Moreover, craft beer is starting to become more intimately knit into regional agricultural economies. Right now, barley and hops — two of beer’s main ingredients — are grown in mono-cultures concentrated in a few places. Craft breweries in the Northeast typically source these staples on the same commodity markets as those in, say, Southern California. Malting barley requires special facilities and skills — and as the malting industry consolidated right along with the beer business, all of that evaporated. But imagine the economic benefits if barley and hop production were to spread out again. When you enjoyed a pint at your local pub, you’d not only be supporting your neighborhood bartender and brewmaster, but also nearby farmers and workers at the local malthouse.
Just such a vision is coming into place here in North Carolina. In the wake of the 2008 spike in wheat prices, a group of artisanal bakers and farmers launched the North Carolina Organic Bread Flour Project, designed to reestablish wheat and other grains on the state’s farmland and connect farmers directly with the burgeoning artisanal bakery and craft-brew scene. Such a revival of grain agriculture — for decades concentrated in the Midwest — cannot happen without the very processing infrastructure that has been dismantled over the past half century. This coming fall, the project plans to roll out the state’s second mid-scale flour mill, called Carolina Ground in the western part of state, and it’s partnering with a business called Riverbend Malthouse, which plans to roll out its malting facility this fall, too. Those two facilities will join Lindley Mills, which grinds organic graion into flour in Graham, N.C., near Chapell Hill. In 1980, every dollar you spent on bread or beer essentially leaked out of your state’s economy, supporting a few low-wage jobs but mainly just profits for mega-processors. It’s likely that within a couple of years, every dollar you spend on a good beer or loaf of bread in North Carolina will reverberate through the state’s economy, supporting a range of skilled craftspeople and farmers. As that money circulates through communities, it creates opportunities to support other skilled trades — the brewmaster can afford to shop at the farmers market instead of the chain grocery, and so on. Such models are eminently adaptable to regions across the country.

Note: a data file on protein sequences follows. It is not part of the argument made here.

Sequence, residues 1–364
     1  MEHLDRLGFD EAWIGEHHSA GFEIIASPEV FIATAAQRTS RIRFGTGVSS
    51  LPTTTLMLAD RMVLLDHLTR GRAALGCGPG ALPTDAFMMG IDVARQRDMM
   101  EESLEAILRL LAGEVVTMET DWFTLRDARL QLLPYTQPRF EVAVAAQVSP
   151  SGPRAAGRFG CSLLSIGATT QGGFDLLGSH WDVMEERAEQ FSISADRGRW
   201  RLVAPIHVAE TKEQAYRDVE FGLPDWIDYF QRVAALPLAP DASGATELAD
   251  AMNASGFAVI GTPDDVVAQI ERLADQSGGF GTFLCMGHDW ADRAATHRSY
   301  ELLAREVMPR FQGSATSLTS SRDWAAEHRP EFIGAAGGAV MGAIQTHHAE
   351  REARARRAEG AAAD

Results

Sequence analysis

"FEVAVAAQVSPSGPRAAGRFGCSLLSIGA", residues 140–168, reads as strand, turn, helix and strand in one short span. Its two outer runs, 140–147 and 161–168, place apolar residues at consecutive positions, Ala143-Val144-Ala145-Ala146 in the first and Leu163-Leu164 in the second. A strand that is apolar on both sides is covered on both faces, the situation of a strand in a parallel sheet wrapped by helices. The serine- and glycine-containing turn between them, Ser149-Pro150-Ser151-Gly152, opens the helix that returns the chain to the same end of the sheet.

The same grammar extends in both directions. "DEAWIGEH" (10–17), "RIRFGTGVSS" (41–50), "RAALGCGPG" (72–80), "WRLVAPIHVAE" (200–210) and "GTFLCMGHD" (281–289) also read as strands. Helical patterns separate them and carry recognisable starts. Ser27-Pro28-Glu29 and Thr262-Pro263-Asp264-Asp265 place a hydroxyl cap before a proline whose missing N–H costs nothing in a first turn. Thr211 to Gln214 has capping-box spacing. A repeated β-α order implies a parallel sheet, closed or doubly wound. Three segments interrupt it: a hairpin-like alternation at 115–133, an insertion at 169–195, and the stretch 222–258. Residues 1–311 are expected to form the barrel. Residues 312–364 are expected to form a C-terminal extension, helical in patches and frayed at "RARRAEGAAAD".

I’ve focused on beer for this post because I love it and haven’t had much chance to write about it; but I could have settled on any number of sectors within the alternative-food economy. In part one, I complained that the rise of gigantic meat processors had stamped out the butcher trade, once a solidly middle-class and high-skill occupation. Well, the butcher trade, too, is in the midst of a revival, intimately linked to the surge in grass-based, small- and mid-scale meat farming that’s taking place throughout the country. The same, of course, can be said of vegetable farming as we move from relying on vast, water-sucking, labor-exploiting operations in California to far-flung, human-scale farms that provide us with seasonal produce adapted to our own regions.
To me, food is integral to the concept of “great places.” It represents the opportunity to rescue our culinary culture from the clutches of corporate flavor engineers and replace it with something that ties us to landscapes around us and to the skills of our neighbors. Economically, it represents the opportunity to revalue labor, and create economies based on respect and care, not exploitation and the race to the bottom.
There are many obstacles between present reality and my vision of a delicious food future, chief among them the lack of infrastructure — as I’ve written so many times before, including in my very first column as a Grist staffer in 2006. But as the story of craft beer shows, things can change for the better fast — especially when people band together in pursuit of deliciousness.
Former Grist staffer Tom Philpott now writes for Mother Jones.